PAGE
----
“‘Buyers don’t have the same sense of urgency as they did before. They can be a little bit more discerning,’ said Greg Bender, a Los Angeles-area Realtor with Berkshire Hathaway HomeServices. Bender is seeing homes sit on the market far longer than they did just six months ago. It is no longer a seller’s market. In Phoenix the price deflation is even more dramatic. Last year, prices were up 18 percent annually at this time. Today they are up barely 1 percent. ‘Most of the median-price increase over the last 12 months is because a greater percentage of the homes being sold are in the luxury market, not because home values overall are increasing,’ Arizona State University’s Mike Orr wrote in a recent report.”

“Prices soared again between 2011 and 2013 due to the Federal Reserve’s intervention. Some argue that as that demand goes away, housing will pay a price again. ‘If stimulus ‘hangovers’ are proportional to the amount of stimulus that preceded them, then this one could be a doozy,’ wrote Mark Hanson, a housing analyst in California.”

“There are more homes for sale in Moose Jaw than there are buyers which has led to a three per cent decrease in housing prices. Moose Jaw isn’t the only city experiencing a growing home inventory during this year. According to the Royal LePage housing price survey, in Regina, the average prices for single family homes have dropped seven to eight per cent during the past year. ‘There’s a lot more product on the market now than normal,’ said Jim Millar, executive officer with the Moose Jaw Real Estate Board, who says this is why housing prices have dropped.”

“Dubai house prices and rents weakened in the third quarter, according to a report from Asteco. According to rival broker Care, 19,000 more new homes were expected to be handed over in Dubai next year, hampering landlords’ efforts to further raise rents and prices. ‘For the first time since 2012 we have seen both residential rental rates and sales prices decline as a result of a natural adjustment to continuing new supply entering the market,’ said John Stevens, the Asteco managing director. ‘We believe that sales prices may soften further with more new supply on the way.’”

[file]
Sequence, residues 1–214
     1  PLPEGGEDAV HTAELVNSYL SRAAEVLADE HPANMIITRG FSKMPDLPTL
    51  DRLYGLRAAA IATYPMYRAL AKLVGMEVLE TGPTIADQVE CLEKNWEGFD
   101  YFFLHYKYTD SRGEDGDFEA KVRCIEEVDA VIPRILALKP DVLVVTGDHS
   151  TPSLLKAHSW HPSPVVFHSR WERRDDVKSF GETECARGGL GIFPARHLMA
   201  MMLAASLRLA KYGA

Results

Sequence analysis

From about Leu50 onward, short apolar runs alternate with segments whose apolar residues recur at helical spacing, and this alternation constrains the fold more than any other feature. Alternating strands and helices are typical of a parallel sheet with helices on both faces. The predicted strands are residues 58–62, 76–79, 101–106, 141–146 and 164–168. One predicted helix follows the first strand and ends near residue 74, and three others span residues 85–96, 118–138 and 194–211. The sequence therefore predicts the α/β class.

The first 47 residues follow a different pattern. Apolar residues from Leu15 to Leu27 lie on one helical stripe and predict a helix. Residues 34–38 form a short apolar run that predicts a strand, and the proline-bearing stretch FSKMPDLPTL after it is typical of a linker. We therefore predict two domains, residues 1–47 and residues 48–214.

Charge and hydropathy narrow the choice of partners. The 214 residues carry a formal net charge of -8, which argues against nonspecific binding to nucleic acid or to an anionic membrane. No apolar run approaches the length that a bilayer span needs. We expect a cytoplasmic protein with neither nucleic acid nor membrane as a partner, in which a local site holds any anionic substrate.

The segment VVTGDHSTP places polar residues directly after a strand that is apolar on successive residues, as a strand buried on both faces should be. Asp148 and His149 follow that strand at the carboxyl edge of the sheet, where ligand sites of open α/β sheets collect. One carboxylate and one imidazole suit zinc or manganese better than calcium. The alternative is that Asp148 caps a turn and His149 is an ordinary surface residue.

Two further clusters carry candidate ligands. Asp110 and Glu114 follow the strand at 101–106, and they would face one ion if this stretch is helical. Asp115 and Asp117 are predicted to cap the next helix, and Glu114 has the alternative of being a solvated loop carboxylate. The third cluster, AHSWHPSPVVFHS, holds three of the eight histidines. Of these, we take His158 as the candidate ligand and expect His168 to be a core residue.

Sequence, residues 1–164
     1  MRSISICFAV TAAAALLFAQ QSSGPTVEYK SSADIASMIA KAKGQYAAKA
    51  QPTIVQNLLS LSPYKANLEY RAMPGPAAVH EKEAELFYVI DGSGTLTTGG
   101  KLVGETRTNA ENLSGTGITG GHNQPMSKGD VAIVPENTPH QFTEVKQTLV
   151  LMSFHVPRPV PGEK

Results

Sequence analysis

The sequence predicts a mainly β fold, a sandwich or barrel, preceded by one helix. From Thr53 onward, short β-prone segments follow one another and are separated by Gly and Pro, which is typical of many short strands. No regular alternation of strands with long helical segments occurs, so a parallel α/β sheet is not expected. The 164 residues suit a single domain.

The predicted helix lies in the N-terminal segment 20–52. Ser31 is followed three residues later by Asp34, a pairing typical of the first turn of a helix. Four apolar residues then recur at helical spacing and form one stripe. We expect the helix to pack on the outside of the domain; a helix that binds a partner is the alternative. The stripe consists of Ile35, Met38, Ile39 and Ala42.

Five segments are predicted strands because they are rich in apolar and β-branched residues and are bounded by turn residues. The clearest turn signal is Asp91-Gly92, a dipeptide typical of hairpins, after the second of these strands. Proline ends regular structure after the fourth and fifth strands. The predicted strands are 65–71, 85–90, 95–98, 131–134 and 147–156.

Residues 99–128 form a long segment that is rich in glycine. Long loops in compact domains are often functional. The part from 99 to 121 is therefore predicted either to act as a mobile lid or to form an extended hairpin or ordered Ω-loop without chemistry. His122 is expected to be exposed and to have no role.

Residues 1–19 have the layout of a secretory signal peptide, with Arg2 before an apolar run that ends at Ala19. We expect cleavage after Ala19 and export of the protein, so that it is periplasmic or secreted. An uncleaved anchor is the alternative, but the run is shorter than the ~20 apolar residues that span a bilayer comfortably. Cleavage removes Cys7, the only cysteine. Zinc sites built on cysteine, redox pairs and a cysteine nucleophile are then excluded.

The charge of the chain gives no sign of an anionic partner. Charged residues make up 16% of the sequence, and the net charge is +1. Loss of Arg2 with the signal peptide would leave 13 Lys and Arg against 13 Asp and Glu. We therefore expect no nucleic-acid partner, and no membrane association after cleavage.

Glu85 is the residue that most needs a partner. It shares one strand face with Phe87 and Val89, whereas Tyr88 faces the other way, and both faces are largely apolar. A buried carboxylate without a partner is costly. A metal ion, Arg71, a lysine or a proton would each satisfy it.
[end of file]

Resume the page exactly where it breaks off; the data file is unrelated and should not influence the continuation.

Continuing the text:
“It’s more bust than boom for the Gladstone property market, with a property analyst saying it is the same old story for the central Queensland region. The figures represent a 13.1% and 24.9% decrease in house and unit prices, respectively, compared with the corresponding period last year. Senior economist Dr Andrew Wilson said the economic influences would continue to affect the Gladstone market for years to come. ‘Same old, same old for Gladstone … when is it going to end?’ he said. ‘There was a lot of investment money pumped into the market three years ago with the mining boom. But unfortunately mining is no longer booming.’”

“The effects of the slowdown are evident throughout China. Factories are churning out steel, concrete and other commodities well beyond local demand and are kept alive by local governments arranging emergency loans. Debt levels are rising at a clip that rivals the US, Japan and South Korea before they tumbled into recession. About 20 per cent of apartments are vacant, according to a Goldman Sachs report, and Chinese cities are chockablock with empty apartment towers. Much of Chinese consumer wealth is tied up in housing.”